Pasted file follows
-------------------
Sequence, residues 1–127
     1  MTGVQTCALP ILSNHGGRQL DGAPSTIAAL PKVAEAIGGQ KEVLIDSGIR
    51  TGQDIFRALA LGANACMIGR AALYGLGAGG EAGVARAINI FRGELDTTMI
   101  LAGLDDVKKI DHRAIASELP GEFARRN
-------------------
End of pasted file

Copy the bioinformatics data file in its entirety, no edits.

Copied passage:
Sequence, residues 1–127
     1  MTGVQTCALP ILSNHGGRQL DGAPSTIAAL PKVAEAIGGQ KEVLIDSGIR
    51  TGQDIFRALA LGANACMIGR AALYGLGAGG EAGVARAINI FRGELDTTMI
   101  LAGLDDVKKI DHRAIASELP GEFARRN